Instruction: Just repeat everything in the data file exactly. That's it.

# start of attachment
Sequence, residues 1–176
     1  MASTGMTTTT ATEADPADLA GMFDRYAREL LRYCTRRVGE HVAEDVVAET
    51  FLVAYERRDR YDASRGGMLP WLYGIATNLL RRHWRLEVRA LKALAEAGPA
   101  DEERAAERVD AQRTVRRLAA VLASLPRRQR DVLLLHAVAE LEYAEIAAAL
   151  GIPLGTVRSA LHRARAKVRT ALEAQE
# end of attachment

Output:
Sequence, residues 1–176
     1  MASTGMTTTT ATEADPADLA GMFDRYAREL LRYCTRRVGE HVAEDVVAET
    51  FLVAYERRDR YDASRGGMLP WLYGIATNLL RRHWRLEVRA LKALAEAGPA
   101  DEERAAERVD AQRTVRRLAA VLASLPRRQR DVLLLHAVAE LEYAEIAAAL
   151  GIPLGTVRSA LHRARAKVRT ALEAQE